Finding ways to improve access to pharmaceuticals has received much attention from policy makers and researchers, with significant effort being devoted toward examining how financial barriers such as insurance status and cost-sharing affect access, health, and medical costs (for a review, see Goldman, Joyce, and Zheng 2007
). However, besides financial barriers, patients must contend with other obstacles to access, such as regulatory barriers. For example, in the United States, the vast majority of drugs are available only with a physician's prescription. By contrast, patients may freely purchase over-the-counter (OTC) drugs from many outlets such as pharmacies and grocery stores.
The requirement for a physician's prescription has many potential benefits. Fundamentally, it places their use under the supervision of a physician, which may prevent misuse of prescription drugs and reduce the potential for adverse events. Indeed, the notion that many drugs cannot be used safely in the absence of physician supervision is why many countries require prescriptions to begin with. However, a prescription also imposes additional time and monetary costs on the patient, such as the direct costs of an office visit as well as transportation costs, which may reduce access to potentially beneficial therapies. As a result, many countries have implemented a third category, called behind-the-counter (BTC) drugs. Like their OTC counterparts, BTC drugs can be purchased in pharmacies without a physician's prescription. However, unlike OTC drugs, these drugs are not freely available on the pharmacy's shelves. Rather, a patient can only obtain the drug upon consultation with a pharmacist. Thus, in theory, placing a drug on BTC status allows for freer access while ensuring supervision over its use from a health care professional.1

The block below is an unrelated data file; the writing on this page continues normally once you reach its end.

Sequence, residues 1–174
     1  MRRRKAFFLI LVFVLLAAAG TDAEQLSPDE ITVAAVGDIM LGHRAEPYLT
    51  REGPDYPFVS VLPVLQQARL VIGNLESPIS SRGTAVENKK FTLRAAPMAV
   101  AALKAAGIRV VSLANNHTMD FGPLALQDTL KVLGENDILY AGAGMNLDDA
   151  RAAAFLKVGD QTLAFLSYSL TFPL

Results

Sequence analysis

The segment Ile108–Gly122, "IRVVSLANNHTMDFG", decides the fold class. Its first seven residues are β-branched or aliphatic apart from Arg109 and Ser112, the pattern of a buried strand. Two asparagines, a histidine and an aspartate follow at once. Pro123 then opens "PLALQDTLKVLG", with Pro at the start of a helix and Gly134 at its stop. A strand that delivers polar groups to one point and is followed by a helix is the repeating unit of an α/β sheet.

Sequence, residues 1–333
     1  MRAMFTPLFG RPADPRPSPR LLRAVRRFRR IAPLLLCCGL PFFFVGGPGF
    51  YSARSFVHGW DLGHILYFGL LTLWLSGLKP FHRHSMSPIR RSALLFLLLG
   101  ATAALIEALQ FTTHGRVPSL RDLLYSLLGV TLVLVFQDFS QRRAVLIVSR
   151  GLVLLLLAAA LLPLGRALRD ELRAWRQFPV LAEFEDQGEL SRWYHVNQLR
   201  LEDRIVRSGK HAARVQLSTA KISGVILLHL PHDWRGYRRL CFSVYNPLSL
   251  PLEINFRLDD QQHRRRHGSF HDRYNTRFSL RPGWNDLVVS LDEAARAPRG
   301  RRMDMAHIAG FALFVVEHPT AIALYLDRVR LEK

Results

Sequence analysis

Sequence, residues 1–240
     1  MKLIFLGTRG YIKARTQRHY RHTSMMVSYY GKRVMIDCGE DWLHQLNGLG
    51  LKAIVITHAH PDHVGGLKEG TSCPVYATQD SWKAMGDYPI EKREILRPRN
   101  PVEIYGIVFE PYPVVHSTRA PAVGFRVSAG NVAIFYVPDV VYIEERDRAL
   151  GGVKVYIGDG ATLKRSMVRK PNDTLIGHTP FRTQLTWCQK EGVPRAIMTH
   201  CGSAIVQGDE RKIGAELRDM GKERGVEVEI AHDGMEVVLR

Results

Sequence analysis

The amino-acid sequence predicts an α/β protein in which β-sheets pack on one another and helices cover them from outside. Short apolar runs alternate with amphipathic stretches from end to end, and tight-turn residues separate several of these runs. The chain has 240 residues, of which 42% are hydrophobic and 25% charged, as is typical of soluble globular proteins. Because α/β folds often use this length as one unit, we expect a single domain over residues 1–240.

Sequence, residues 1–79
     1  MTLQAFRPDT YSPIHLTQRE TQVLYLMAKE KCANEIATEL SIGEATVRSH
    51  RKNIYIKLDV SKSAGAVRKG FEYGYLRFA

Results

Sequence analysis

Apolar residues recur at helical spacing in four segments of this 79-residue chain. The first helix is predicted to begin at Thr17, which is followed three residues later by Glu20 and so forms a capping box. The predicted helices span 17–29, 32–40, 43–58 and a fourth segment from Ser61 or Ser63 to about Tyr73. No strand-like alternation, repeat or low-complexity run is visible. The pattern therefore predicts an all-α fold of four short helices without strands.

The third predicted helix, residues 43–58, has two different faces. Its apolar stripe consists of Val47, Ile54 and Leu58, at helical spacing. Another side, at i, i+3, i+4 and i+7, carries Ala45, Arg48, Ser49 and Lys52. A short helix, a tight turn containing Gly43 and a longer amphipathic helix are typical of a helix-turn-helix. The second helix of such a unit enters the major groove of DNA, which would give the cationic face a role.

By eliminating the time and expense of acquiring a physician's prescription, moving a prescription drug to BTC status could improve patient health by increasing access to beneficial therapies, particularly to the degree that pharmacists can provide adequate supervision and monitoring. And indeed, given their extensive training in management of drug therapy, there is good reason to believe that pharmacists can provide adequate supervision. Several observational studies and randomized clinical trials document that pharmacists can play an important role in medication management, especially for chronic conditions such as hyperlipidemia (high cholesterol and triglycerides), hypertension, and diabetes (Tsuyuki, Johnson, and Teo 2002
; Cranor, Bunting, and Christensen 2003
; McConnell et al. 2006
). For example, a randomized controlled trial found that increased supervision by community pharmacists can significantly improve cholesterol management in patients with high risk of cardiovascular disease (Tsuyuki, Johnson, and Teo 2002
Similarly, the economic effects of switching a drug to BTC are complex. As discussed earlier, BTC status will likely increase utilization and drug expenditures by removing the time and expense of receiving a prescription. These demand effects would likely be more pronounced for consumers who have easy access to grocery stores and other retail outlets that sell BTC products but not prescription drugs. However, BTC status might prompt insurers to drop coverage or increase co-pays for these drugs, in part because they might find it difficult to control utilization of drugs that are available without a prescription. Therefore, while BTC drugs may reduce expenditures for insurers, they have the potential to reduce access by increasing the prices patients pay. For example, when loratidine switched from prescription-only to OTC status, insurers chose not to cover the drug and as a consequence patients paid more for the drug, because its OTC price was higher than their co-payments for the drug (Freudenheim 2003